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05 Aug 2020 22:36 #fiction#gates#ship Permalink
"Emergence in 15 seconds."
The crew are all strapped in, and have been for five minutes. No passengers this run, but I still make a habitual sweep through the lounge and the living quarters.
"Emergence in 10 seconds"
If I still had a body, it would be shifting slightly in its seat, left hand on a throttle, right hand wrapped round a control stick, and my eyes scanning displays showing the distance and heading to the gate.
Of course, I haven't had a body in a long time, and it's been thousands of years since a basic human has piloted a ship, but what can I say? I'm a fan of old movies.
"Emergence in 5 seconds"
The AI makes the announcement using it's professionally calm, "nothing to worry about" voice. The transition from gate space to normal space is routine, but accidents can happen.
"4"
I ramp up, and watch the inside of the ship a moment longer. Then, I switch to outside.
This is me. This is where I really live. Oh, crew's are nice enough, and I haven't liked the trips when I've been without them, but they don't understand what it's like for me to be me.
"3"
Gatespace looks much like realspace, if you could see all of real space from a long, long way away. It's like a galactic core, with stars almost close enough to touch, but still separate, and slightly dim. If we were closer to the edge of the galaxy, we'd be able to see across to our neighbors, almost close enough to lean over the fence to chat.
"2"
Back to business. Running at ramp speed I've got plenty of time, but still, I've got plenty to do. I ask the shields to bring themselves up to full please (they're dumb, but politeness doesn't cost much), and check that the realspace engines have finished their startup sequence.
"1"
This close to the gateway we're not moving very quickly. The ship drifts towards the interface, holding steady in x and y, moving forwards towards z.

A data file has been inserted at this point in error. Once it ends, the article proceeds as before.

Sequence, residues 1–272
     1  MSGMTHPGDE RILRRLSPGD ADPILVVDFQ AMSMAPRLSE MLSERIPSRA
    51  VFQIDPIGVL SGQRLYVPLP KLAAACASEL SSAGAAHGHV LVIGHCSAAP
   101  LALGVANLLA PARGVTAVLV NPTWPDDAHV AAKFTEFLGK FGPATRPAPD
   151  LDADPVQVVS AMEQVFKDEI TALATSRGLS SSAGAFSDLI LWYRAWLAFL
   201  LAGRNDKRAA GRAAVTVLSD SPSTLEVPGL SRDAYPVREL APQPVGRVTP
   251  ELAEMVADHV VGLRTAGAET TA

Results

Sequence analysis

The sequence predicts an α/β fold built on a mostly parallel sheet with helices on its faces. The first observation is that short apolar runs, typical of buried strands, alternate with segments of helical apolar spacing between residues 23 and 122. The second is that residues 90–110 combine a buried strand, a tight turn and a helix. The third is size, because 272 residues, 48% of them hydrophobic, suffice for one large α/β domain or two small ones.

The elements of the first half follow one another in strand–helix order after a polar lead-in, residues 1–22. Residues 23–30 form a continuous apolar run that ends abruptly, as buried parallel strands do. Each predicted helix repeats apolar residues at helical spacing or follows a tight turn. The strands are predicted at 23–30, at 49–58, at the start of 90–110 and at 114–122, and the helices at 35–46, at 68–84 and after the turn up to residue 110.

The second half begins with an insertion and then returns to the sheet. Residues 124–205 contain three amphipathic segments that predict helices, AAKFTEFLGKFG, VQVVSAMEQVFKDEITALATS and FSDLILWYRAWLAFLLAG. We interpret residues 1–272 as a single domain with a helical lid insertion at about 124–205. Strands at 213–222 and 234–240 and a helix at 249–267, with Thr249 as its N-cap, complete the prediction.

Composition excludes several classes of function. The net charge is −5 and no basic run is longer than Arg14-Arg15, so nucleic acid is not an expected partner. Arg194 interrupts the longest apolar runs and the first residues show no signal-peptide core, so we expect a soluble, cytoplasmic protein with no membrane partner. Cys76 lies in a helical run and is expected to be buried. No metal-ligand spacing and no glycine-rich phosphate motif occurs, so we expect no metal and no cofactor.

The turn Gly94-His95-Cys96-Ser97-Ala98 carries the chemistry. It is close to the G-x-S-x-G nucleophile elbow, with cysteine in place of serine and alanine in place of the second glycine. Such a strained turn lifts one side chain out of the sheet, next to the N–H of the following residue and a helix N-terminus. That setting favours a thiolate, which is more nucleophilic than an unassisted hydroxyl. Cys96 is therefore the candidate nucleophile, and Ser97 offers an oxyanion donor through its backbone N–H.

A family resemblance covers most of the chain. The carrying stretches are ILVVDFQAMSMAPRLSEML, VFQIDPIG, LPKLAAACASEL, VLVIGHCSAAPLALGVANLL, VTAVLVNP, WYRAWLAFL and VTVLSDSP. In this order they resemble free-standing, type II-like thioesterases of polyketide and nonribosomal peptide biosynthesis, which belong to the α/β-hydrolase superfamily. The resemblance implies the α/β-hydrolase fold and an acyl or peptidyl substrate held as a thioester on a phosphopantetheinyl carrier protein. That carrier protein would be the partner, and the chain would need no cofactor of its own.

"Ze-"
The AI insists that the transitions into and out of gatespace are instantaneous. Anything organic that has expressed an opinion is clear that the transfer takes time. For me, with feet in both camps, there is an endless instant of confusion, and then the ship, the crew, the AI, me, we're all back in real space.
"-ro"
Back in realspace. I tell the forward scanner to send out ping, and wait a millisecond for a response. Nothing, so we're clear to boost out of here. I send the standard instruction to the engines to negotiate with the onboard gravity to manage the boost within reasonable human tolerance, and queue up a "transition complete" message on the ship's intercom.
Rule #1 clear the gate. You never know what's coming though afterwards.
Still nothing from the active scan, so I can relax a little. The spectrum of the local star looks about right, and I'm getting the expected chirps from the usual pulsars so we're in the right system. It's been a long time since a ship went through the wrong gate, but it's worth checking.
The engines and the gravity generators both ping me copies of their agreements, and my inner ears (well, the signal translators that connect to what used to be my inner ears, but that's so much less snappy to say) report both the perceived acceleration (not much more than 2g) and the real acceleration (substantially more. I guess the grav generators have been upgrading themselves again. I make a note to have a chat with them later, after I've checked the accounts to see what they've bought and how much it cost).
Half a second clear of the gate and we're looking good. I start bringing the ship round to point at our destination, and begin ramping down to something closer to human basic speed.
"Emergence complete, no problems reported"

04 Aug 2020 21:04 Permalink
Depression sucks. Like, really. I'm taking the pills, I'm trying to maintain a positive attitude, and I'm still feeling crap.


02 Aug 2020 15:50 #ad#dns#stupidity Permalink
I've been playing with getting an Active Directory (AD) server setup (using Samba instead of Windows).
Arghh, it's so stupid! The AD server needs to do some DNS stuff (mostly setting up records so that clients can find it), which is fine. The Samba server includes a DNS resovler to service those records. Again, no worries. But the Samba DNS server is very stupid, and although it can forward requests for other domains, it won't forward requests for machines in it's own domain.